It was recently discovered that the United States Air Force Academy is going to introduce a tenure program for its civilian professors. This is a terrible mistake. When I was the president of the Air War College at Maxwell Air Force Base, we had a similar tenure program. My faculty was made up of military officers from all branches including some international officers as well as civilian professors. In most cases the civilian professors were hired for their background in political science or international affairs. The civilian professors operated under a classical tenure program. The big problem in a traditional tenure program is that it is the faculty through various tenure committees who essentially decides who should be granted tenure. And of course these tenure committees are made up of the tenured professors in the college or university. So who does the young professor trying to move his academic career forward look to for guidance and affirmation? Who does he need to please? Well, obviously, the cabal of old tenured professors. And particularly in a War College or Military Academy setting the tenured professors who didn't like the policies of the military leadership know they can just out wait the leadership because in 18 months (on average) or so the current military leadership would be gone and a new set of leaders would be in place.
Military leadership often has little or no experience with civilian faculties, so they are at a disadvantage from the start. I got so fed up with the tenured crowd (not all of them, but the large majority of them) I went to my boss, the Commander of Air University, with a proposal to get rid of the tenure program and replace it with a contractual personnel policy. Of course, understandably, he was really hesitant to grab that tiger by the tail. Beside the inevitable push back from the tenured faculty, there were the politics of the Southern Association of Colleges and Schools and he didn't want to take that on. (And if you don't think there is a lot of politics in the college accreditation system, you are wildly mistaken!) He finally agreed and in the end, though it took almost a year and a half of my tour, we were successful in moving from a classic tenure program ("Once I'm in you can't fire me!") to a contract program. New hires would be on a one year 'probationary' term and then could compete for a four or five year contract term. When move to the new program was announced one of the sharp, young professors came up to me and said that he felt like someone 'opened the window and let some fresh air in!' Now, instead of trying to please a group of old tenured professors, he was going to be judged as to how well he supported the mission of the Air War College and the Air Force. A novel idea indeed.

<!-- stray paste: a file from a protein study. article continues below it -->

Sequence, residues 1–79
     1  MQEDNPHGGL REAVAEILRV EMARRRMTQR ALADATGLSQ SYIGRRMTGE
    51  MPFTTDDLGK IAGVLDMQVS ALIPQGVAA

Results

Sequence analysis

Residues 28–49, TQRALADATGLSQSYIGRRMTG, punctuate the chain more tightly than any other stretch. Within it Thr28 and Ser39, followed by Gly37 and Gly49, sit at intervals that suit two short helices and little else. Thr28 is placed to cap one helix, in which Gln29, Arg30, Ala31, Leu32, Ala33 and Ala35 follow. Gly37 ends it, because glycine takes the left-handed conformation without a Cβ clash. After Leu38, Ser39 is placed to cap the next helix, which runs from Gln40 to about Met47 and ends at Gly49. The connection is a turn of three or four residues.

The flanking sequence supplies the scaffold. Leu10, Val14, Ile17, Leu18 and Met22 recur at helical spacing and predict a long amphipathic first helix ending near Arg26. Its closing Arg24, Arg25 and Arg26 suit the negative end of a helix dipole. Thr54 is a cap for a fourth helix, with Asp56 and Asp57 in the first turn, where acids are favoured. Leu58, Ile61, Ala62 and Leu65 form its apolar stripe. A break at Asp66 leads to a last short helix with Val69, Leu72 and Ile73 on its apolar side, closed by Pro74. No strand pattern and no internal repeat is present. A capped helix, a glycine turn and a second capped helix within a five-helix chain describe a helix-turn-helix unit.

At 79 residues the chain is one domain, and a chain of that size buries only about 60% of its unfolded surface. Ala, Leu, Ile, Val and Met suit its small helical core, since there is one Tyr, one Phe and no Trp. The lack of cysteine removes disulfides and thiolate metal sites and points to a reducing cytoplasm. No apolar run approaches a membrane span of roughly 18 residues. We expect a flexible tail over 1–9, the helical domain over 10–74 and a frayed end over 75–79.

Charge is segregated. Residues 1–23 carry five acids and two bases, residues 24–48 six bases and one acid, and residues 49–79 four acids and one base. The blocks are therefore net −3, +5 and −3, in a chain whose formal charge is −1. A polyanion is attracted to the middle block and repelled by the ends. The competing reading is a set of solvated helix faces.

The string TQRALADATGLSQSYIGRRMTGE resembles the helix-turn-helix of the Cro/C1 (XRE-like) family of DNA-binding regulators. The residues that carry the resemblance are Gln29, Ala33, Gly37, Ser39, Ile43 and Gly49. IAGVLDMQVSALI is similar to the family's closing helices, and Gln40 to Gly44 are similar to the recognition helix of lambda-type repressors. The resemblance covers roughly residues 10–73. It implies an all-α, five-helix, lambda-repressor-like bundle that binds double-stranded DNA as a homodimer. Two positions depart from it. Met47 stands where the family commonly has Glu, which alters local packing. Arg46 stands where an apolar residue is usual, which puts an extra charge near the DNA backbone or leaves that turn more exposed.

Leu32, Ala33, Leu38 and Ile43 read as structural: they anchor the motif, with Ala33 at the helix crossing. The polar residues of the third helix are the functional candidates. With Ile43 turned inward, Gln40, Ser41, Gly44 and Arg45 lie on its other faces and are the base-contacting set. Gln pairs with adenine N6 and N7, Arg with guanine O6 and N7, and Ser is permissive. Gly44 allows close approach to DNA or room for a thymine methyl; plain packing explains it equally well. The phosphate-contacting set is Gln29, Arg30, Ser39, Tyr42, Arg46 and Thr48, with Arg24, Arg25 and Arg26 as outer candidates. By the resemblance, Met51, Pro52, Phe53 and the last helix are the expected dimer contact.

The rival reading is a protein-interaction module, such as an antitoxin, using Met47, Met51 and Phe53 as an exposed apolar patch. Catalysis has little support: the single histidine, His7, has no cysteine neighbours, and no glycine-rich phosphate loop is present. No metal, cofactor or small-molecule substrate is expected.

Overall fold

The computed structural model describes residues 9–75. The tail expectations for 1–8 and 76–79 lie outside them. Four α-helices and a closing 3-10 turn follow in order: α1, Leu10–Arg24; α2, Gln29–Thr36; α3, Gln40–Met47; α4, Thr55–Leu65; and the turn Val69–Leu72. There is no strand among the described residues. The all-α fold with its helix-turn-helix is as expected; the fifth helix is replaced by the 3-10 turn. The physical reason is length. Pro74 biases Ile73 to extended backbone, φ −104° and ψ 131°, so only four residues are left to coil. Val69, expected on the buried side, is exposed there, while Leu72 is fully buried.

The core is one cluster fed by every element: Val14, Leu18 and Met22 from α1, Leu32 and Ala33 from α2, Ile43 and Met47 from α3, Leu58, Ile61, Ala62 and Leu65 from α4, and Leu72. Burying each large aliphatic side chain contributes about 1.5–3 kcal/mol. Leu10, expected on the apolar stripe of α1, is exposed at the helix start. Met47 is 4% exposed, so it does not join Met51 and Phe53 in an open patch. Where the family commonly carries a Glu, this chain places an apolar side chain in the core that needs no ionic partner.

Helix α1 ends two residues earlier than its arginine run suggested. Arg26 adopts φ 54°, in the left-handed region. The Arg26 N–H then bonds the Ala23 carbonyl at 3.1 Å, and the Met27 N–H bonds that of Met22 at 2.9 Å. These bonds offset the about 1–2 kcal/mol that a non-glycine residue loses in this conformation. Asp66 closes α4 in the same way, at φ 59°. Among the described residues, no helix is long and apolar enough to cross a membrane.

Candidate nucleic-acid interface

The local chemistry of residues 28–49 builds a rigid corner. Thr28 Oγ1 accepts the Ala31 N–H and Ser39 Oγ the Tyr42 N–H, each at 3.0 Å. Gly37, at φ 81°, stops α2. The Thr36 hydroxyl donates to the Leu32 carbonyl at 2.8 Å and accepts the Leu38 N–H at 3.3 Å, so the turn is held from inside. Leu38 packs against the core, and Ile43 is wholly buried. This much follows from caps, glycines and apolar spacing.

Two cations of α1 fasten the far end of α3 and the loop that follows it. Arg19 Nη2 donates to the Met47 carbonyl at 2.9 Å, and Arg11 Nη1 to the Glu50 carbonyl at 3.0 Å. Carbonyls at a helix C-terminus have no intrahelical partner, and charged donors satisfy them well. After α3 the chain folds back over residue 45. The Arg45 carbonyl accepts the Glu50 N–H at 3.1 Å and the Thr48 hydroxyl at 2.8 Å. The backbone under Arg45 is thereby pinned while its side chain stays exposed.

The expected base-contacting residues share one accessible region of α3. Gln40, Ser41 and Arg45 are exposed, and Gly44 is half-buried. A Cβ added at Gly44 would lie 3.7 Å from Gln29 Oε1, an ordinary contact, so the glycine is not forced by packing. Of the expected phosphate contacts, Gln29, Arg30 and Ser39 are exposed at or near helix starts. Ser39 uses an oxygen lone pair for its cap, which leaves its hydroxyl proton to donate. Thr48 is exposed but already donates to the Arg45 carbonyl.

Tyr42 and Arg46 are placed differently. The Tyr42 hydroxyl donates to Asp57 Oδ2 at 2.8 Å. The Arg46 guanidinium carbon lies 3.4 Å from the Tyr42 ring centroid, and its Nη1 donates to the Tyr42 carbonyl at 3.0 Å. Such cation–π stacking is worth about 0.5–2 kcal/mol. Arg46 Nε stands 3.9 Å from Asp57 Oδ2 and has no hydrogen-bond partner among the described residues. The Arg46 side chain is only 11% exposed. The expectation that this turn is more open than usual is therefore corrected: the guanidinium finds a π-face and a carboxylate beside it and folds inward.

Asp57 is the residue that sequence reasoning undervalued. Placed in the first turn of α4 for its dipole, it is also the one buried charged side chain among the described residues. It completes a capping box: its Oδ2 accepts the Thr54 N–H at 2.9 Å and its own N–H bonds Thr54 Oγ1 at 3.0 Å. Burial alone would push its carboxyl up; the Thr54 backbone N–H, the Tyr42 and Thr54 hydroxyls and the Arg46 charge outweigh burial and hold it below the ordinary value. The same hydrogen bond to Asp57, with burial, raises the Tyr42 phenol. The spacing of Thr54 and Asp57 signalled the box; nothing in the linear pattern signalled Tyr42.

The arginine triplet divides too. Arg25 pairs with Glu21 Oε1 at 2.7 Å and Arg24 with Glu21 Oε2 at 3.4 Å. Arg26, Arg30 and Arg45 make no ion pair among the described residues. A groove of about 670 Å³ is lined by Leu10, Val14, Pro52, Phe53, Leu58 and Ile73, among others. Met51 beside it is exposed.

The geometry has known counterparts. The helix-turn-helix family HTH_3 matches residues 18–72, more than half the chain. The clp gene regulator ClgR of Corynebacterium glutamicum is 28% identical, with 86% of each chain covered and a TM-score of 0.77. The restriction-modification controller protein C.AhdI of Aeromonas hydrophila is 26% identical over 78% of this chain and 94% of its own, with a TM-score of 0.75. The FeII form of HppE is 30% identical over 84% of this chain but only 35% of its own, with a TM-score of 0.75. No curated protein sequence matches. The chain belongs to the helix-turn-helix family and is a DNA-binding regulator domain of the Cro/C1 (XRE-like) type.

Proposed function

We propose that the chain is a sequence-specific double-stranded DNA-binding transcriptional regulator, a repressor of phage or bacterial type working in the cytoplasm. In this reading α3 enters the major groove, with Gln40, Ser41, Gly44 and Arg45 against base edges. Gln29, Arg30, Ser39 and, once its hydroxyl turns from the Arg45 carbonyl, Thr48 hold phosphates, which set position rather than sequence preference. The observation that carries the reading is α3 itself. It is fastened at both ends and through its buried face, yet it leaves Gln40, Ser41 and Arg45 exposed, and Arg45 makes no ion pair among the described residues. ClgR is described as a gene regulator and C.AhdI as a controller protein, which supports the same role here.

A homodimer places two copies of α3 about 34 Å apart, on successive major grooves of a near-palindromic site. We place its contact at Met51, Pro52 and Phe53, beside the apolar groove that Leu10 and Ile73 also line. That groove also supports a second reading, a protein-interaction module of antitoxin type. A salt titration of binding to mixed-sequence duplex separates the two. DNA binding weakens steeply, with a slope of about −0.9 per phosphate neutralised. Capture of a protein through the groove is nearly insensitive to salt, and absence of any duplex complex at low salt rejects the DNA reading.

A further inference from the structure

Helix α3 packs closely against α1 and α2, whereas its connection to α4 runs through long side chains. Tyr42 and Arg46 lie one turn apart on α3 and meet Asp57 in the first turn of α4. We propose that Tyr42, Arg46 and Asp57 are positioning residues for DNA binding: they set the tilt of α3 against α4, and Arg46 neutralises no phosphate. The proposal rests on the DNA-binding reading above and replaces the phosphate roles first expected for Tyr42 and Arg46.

It is important to understand that the tenure program at a college or university has nothing to do with academic freedom. It has everything to do with control. The presumption that academic freedom comes from and is protected by a tenured faculty position implies that the young professor waiting to be considered for tenure has only as much academic freedom as he thinks the tenured professor who is going to sit on his tenure committee will allow. It assumes that he will not speak out or take a controversial position because that might jeopardize his future chances to be granted tenure. This is exactly why you will not find professors with a conservative view point in any of the social sciences departments of our major state universities.
This is a terrible move by the USAF Academy.
Article by Major General Bentley Rayburn, USAF (Retired), Colorado Free Press Contributor
Major General Rayburn, USAF (Retired), was the president of two degree granting institutions, the Air War College, Maxwell Air Force Base, Alabama, and Colorado Technical University in Southern Colorado.